some of the musicians playing - fly on the wall
again. There is then a mid-long shot of four
musicians practicing for when they record.
They all seem happy and supportive towards
each other, have a unity/friendship through
music - positive representation. No song for
either of these shots, instead the diegetic
sound of the instruments being played.
The music carries on using a sound bridge to the
next shot, and fades. There is a mid shot of the
band’s bassist explaining what is happening to the
group of musicians. Fact he he isn’t looking
directly at the camera emphasises that its a
documentary and not set up. He’s holding his
bass guitar and in terms of mise en scene this
puts emphasis on the focus of the clip. When he
mentions the guitarist, there is a shot of him, and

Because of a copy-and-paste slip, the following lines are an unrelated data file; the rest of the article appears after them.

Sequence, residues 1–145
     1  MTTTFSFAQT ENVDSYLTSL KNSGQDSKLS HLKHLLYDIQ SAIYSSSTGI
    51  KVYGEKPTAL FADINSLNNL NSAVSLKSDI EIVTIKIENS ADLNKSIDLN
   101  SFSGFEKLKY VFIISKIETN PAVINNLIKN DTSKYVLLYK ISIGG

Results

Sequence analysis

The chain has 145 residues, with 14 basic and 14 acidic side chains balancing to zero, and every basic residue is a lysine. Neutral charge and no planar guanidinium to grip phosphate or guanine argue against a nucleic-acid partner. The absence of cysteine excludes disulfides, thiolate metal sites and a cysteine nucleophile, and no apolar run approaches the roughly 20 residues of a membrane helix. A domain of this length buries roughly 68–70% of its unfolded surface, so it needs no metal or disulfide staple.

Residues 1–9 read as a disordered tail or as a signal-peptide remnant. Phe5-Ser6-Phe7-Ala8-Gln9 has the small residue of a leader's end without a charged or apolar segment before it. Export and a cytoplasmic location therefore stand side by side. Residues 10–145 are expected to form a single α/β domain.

the same for the drummer. Such shots help the
audience to further understand the clip. He jokes
that they’ll “call that the drop” - being comical is
good and representatives him/the band in a
“When we drop - communally” - subtle
mention of the fact that that particular group
of musicians is like a community brought
together by music.
Similarly to on the previous slide where shots of
the guitarist/drummer were shown when they
were mentioned, a shot of Ralph handing out the
“written out part” is used when the bassist
mentions this to everyone. Through this scene
there is no music in the background, leaving the
focus is on what he is talking about.
After the bassist says “Let’s give it a go!” there are shots of
a host of the different musicians there on the day, that can
be seen and heard anticipating the start of recording, asking
one another if they’re ready etc. There is still no track
playing in the background for this part of the clip - the focus
will be on the song when they start performing. There are
over the shoulder shots emphasising that it is behind the
scenes and not part of it.
The focus is about to be on the drummer as he
opens the song, and there is a shot of him talking.
He has to raise his voice over the other
musicians, again clear it’s not staged. There is a
shot of him giving the thumbs up as he’s ready,